My next project will be a 1805-1810 white evening dress made from very sheer and fine muslin cotton. I want this dress to be outstanding and am going to take as much time as possible 😀

The occasion of this dress:

1) Balls, Jane Austen Festival, Regency parties
2) Daily special occasion when I can dress up a little bit but not exaggerating. It should be convenient for walking.

I don’t want to spend so many hours making an art piece and then just hang it in the wardrobe. Fashion for me has to be practical. 

The Style

After doing many research in libraries and museums, I have chosen my favourite following styles:

Sleeves and shape of skirt: puffed, short sleeves, skirt without train. Waistband may be embroidered. No sash! (I so dislike the shining things) Hem and the front panel will be embroidered (this is going to be such a long project…)

1810 British Cotton and Linen Dress: Met Museum. Sleeve with and without filling

1804-05 French Evening Dress: V&A Museum

The embroidery of the dress above is my favourite style 🙂 As I have taken the whitework embroidery course at the Royal School of Needlework,  this project will be perfect for me to practise those Mountmellick stitches!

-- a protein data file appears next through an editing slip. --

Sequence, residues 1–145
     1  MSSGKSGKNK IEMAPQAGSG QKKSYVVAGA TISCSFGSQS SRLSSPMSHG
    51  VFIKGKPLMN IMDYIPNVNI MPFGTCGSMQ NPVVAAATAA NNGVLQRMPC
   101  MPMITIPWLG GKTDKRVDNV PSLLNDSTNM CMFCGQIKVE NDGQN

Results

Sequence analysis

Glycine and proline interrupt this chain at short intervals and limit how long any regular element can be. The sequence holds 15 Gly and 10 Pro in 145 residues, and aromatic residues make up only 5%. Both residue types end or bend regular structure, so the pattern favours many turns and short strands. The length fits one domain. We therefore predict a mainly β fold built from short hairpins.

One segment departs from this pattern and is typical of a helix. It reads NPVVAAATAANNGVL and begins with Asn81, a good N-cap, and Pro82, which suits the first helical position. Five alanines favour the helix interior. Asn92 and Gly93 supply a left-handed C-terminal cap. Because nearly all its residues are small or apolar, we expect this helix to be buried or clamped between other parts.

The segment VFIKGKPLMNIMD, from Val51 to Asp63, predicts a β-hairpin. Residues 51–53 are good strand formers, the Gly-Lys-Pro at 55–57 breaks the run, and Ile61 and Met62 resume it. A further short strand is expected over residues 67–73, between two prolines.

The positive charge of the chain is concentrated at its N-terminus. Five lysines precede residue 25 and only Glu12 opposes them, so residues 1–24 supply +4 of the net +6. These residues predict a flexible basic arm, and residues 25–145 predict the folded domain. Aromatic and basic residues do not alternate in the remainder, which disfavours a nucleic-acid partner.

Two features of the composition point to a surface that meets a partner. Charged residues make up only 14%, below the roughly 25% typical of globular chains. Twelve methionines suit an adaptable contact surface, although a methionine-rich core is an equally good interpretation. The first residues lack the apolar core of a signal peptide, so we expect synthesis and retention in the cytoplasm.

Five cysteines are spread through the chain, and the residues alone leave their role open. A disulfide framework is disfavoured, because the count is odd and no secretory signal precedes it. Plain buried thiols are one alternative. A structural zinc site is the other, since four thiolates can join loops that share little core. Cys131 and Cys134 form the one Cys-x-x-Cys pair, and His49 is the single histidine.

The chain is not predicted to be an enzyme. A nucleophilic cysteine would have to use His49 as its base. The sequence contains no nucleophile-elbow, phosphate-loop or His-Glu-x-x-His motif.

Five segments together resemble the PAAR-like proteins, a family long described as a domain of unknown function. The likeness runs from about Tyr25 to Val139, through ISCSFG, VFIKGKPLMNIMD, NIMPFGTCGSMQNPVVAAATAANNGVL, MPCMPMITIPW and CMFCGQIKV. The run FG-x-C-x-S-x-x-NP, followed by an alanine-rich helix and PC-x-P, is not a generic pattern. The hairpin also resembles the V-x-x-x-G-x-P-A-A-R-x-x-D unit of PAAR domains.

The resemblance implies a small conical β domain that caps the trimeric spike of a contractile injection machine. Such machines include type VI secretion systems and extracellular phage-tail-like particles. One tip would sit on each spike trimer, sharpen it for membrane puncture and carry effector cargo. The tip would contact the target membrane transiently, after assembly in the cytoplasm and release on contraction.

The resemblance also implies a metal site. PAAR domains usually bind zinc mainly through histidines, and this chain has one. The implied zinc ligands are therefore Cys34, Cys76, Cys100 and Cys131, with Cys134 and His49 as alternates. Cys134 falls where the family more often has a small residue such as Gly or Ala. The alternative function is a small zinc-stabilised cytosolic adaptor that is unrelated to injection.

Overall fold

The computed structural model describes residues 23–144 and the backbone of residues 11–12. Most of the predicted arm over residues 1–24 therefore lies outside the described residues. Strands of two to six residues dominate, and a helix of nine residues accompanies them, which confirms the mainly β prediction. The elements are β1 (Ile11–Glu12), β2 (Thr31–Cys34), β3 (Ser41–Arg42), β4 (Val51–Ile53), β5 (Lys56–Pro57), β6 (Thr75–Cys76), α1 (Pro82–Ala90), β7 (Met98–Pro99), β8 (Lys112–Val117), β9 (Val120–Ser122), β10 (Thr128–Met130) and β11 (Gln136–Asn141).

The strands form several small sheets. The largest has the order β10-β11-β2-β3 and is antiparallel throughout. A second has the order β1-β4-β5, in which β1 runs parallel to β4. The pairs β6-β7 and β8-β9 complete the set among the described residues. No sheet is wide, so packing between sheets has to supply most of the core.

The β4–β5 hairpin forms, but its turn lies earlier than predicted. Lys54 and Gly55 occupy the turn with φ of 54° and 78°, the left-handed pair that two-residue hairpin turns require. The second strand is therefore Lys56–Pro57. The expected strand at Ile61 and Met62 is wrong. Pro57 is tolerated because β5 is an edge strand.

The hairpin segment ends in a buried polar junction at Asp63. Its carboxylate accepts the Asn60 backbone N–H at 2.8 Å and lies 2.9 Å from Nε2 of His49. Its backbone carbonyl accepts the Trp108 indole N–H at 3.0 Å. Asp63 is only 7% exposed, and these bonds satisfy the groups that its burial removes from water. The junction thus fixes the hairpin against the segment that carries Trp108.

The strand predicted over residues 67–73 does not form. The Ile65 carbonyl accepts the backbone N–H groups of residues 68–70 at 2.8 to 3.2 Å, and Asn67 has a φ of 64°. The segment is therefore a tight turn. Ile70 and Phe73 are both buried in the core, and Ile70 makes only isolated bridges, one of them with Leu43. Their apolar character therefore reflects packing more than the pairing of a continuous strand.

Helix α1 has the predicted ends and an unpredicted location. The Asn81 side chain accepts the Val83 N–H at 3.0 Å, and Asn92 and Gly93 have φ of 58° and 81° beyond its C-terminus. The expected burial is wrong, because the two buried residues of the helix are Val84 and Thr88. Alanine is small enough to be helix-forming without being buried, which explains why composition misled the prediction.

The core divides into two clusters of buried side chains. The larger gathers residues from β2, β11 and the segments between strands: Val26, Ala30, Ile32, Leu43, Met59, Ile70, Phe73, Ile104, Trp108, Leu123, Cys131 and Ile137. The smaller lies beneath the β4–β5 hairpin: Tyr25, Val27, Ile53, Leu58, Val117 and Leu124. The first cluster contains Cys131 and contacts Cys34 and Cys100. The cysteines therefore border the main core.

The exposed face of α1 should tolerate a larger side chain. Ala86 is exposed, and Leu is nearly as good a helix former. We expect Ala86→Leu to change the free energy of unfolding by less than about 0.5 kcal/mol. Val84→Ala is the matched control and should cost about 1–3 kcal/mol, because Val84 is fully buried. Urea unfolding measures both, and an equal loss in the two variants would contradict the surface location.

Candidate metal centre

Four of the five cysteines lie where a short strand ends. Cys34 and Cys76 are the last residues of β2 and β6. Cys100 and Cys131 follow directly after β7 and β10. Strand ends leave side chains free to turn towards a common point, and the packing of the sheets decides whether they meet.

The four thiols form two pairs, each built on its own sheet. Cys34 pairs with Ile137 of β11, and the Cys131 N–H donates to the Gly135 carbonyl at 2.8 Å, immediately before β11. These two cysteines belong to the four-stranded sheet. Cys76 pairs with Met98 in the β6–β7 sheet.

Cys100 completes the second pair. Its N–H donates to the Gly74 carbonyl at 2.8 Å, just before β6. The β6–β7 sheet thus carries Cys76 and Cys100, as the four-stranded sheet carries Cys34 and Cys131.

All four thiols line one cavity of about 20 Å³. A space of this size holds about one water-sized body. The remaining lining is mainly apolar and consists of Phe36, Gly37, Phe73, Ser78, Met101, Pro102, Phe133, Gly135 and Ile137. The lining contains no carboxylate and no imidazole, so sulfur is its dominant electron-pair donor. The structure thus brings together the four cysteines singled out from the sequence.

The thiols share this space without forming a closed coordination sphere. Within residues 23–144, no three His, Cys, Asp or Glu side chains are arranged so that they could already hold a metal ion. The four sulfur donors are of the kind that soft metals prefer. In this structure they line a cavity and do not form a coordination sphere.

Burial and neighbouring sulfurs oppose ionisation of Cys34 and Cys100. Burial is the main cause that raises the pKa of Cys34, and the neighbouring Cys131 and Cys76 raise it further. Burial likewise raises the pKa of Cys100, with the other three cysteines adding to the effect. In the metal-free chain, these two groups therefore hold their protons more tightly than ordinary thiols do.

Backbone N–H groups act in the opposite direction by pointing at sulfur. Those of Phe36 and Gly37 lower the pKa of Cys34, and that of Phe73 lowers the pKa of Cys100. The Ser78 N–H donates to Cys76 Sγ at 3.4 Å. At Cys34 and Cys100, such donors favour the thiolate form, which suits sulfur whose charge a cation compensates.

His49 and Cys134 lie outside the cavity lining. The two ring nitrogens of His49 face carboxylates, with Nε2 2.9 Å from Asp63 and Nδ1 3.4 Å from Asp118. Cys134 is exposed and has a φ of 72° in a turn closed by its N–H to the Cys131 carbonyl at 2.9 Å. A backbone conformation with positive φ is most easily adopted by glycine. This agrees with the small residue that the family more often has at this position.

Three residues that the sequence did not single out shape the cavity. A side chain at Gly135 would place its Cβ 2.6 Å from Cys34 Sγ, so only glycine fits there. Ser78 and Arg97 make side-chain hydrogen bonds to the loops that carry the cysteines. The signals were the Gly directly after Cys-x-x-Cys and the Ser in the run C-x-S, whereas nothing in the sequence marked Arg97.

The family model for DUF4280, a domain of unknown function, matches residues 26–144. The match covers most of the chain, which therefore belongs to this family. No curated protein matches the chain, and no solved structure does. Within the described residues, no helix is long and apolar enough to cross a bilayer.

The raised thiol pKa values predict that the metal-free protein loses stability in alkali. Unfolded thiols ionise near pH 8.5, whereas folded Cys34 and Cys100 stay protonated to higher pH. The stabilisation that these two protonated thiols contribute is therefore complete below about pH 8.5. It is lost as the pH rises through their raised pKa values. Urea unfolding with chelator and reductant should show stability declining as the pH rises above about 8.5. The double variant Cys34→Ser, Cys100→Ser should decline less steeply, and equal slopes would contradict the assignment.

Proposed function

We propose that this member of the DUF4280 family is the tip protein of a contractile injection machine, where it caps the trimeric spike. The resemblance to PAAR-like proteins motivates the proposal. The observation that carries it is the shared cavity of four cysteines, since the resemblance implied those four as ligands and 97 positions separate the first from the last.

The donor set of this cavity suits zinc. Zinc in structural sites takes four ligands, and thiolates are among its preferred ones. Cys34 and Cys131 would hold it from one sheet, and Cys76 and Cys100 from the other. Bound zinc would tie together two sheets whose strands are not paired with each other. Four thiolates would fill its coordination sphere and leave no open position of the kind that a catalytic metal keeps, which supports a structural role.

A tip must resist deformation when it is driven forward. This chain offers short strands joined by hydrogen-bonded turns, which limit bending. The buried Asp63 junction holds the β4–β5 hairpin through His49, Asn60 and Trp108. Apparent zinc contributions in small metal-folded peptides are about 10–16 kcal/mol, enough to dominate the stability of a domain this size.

My Hand-Stitched Regency Gown

Start date: Feb 10, 2012
Finish date: Feb 23, 2012
Fabric: for the size 12 I made, 4 Yds, 51″wide; Lining: 1 Yd
Adjustment points: Length of skirt: Cut 37″(upper skirt)+11″(lower skirt) instead of 39 1/2″ + 12″ suggested by the pattern

#031: Circa 1796-1806 Lewis & Clark Era: Empire Gown - Courtesy: Past Patterns

 As my first attempt for the La Mode Bagatelle Bodiced Petticoat went on very well, I decided to challenge myself for an authentic period look, using the Front Closing Gown pattern from Past Patterns. According to the good reviews on GBACG by many costumers, this pattern should be very professional and reliable and this is proved to be true. To be honest, if I have had used this pattern before the LMB one, I wouldn’t be able to bear with the drawings and wording of the LMB…Not because that LMB is too bad, but just Past Patterns is too good. (In fact the result of LMB petticoat looks great) The pattern is very well researched, correctly illustrated and very clearly texted.  I have only found very few points where the outcome doesn’t match the instruction, and I will list them below.